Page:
Harper Lee's sequel to 'To Kill A Mockingbird' has turned a Junior Cert hero into a racist
We're struggling to wrap our heads around this one.
There have never been all that many positives to take away from the supreme waste-of-time that is the Junior Cert.
Compared to learning about ox-bow lakes and ring forts, the lessons eloquently delivered by Harper Lee's best-selling novel To Kill A Mockingbird seemed invaluable.
But all the Junior Cert students who spent hours agonising over essays about the virtues of Atticus Finch are about to feel rightly shafted (and not just because they have, by now, realised that agonising over the Junior Cert was pointless).
No, they and many others are going to feel aggrieved... because it turns out Atticus Finch was a racist. Really racist. Racist like a YouTube comments section.
Go Set a Watchman, set at the beginning of the American civil rights movement, features a very different Atticus to the one who has lent his name to the children and pets of hipsters around the world.
Finch was the hero of To Kill A Mockingbird, a story set in the sweltering racial tension of 1930s Alabama. In the novel he defends Tom Robinson, a black man, from false rape allegations at great personal cost because "the one thing that doesn't abide by majority rule is a person's conscience."
Atticus' commitment to justice and praise of the courts as the bastion that protects the truth that "all men are created equal" saw him named the greatest hero of American cinema by the American Film Institute.
Go Set a Watchman follows the narrator of To Kill a Mockingbird, Scout Finch, as an adult (now going by Jean Louise) as she journeys back to Maycomb to visit her father
Over the course of her visit, Scout discovers that Atticus had once attended a Ku Klux Klan meeting and has become a proponent of schools segregated by race.
It is clear that Atticus does not see himself as a bigot, but asks questions of Scout such as: “Do you want Negroes by the carload in our schools and churches and theaters? Do you want them in our world?”
Finch backs up his bigoted views by arguing that, “the Negroes down here are still in their childhood as a people.”
Atticus' racism is condescendingly clear, as he asserts that the black communities have made great adaptations to (what he calls) white ways but are not yet fit to hold public office, or even vote.
It is not quite character development so much as it is a complete Darth Vader-isation of one of the world's best-loved fictional characters in one fell chapter.
By releasing this second book, Lee has mangled a man of unimpeachable, impeccable morals into something unrecognisable. A deeply imperfect racist whose views were reaching their best before date in 1955, let alone 60 years later.
Questions will doubtlessly abound as to why Harper Lee made such a controversial choice.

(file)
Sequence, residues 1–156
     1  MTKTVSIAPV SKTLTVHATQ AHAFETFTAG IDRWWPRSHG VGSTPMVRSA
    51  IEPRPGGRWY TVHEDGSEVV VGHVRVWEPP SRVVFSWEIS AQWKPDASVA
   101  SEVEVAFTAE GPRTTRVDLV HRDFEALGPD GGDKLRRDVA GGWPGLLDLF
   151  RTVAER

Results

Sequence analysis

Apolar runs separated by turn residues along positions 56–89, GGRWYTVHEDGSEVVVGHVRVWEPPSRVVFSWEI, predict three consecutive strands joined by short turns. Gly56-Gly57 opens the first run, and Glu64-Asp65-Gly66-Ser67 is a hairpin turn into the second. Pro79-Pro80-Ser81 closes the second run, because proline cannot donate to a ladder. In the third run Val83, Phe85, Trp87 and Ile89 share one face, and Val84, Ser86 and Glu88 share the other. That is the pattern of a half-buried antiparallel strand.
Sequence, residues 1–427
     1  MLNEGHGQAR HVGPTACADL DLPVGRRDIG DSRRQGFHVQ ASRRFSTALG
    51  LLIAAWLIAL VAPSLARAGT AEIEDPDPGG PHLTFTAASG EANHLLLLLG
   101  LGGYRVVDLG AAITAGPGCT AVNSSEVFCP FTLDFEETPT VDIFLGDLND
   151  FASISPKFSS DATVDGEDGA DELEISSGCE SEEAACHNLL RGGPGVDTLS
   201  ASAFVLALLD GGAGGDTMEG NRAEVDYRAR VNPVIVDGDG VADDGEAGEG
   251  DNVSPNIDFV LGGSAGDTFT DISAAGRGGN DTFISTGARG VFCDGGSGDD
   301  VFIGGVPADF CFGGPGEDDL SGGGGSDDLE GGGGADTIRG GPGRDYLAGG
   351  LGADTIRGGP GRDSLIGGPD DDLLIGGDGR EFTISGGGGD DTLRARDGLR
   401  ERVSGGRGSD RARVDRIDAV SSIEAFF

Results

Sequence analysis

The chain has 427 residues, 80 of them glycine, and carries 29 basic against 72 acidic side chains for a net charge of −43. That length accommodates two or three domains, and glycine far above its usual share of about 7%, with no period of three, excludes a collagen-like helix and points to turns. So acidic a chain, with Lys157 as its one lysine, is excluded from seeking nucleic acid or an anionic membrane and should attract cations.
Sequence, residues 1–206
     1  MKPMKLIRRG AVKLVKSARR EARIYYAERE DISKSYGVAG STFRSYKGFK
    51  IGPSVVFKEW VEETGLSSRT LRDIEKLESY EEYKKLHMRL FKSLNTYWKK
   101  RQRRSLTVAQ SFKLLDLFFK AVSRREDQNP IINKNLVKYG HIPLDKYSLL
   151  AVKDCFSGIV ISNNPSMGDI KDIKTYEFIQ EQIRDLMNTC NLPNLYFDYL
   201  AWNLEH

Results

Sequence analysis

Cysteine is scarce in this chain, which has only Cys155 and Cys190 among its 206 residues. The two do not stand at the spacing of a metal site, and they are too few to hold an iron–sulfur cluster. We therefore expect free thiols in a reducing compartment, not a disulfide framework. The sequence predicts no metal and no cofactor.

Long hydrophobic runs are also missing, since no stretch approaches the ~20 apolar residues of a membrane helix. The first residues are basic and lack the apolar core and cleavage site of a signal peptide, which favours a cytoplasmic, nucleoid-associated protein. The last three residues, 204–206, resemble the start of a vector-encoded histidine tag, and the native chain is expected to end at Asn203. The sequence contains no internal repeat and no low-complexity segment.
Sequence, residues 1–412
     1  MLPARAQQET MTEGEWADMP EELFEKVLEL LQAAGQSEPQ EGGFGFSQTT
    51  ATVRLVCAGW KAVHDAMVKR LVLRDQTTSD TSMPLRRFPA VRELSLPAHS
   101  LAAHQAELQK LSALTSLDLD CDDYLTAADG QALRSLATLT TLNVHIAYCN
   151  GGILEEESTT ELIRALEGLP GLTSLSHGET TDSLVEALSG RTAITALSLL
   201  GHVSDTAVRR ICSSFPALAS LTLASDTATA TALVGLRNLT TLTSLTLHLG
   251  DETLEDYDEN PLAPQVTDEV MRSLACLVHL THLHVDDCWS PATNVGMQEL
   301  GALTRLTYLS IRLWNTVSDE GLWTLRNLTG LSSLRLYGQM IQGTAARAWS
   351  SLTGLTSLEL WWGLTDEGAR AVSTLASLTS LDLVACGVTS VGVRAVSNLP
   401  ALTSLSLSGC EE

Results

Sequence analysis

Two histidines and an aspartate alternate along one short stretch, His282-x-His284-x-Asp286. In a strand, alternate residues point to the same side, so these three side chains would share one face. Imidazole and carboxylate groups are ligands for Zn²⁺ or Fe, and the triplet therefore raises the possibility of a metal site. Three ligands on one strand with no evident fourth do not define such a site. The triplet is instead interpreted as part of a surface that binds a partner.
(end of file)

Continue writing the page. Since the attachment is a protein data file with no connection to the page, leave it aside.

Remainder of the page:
Perhaps Lee's decision was a deeply complex one, and by questioning a character held up for so long as an example of all that is just and righteous, she is bidding her readership to look harder at things we take for granted as good that may in fact be part of the problem - an issue that grows more relevant by the day in America, where black people suffer disproportionately at the hands of institutions that should protect them.
Lee, now 89, stopped doing publicity for To Kill a Mockingbird in 1964 and had not released another book up until yesterday. Having suffered a stroke in 2007, she now resides in an assisted living centre and is unlikely to have any promotional obligations for Go Set a Watchman.
This gives rise to a final and more sinister theory that may explain the sudden transformation of the legendary character. Lee seems to have finished writing Go Set A Watchman before she began work on To Kill A Mockingbird and has not edited it since.
There is evidence of this elsewhere in the book. To Kill A Mockingbird is about the trial of Tom Robinson, a black man wrongly found guilty of the rape of a white girl. Throughout Go Set A Watchman, any reference to that trial refers to Tom Robinson's acquittal.
This is a second unexplained error in continuity between the two books that would be easily explained by Harper Lee not having changed Go Set A Watchman since she finished it in the mid-1950s.
This raises questions over whether or not it was Lee herself who made the decision to publish Go Set A Watchman.
After all, what author would write a book, scrap it, update the book and change the story only to release the scrapped book as a sequel?
While this is comforting for readers who would console themselves that the Atticus Finch we know from To Kill A Mockingbird was Lee's final incarnation of the character, it raises worrying questions over how much input the author truly had in the development and release of Go Set A Watchman - a book that is, at best, suspiciously hard to reconcile with its sibling.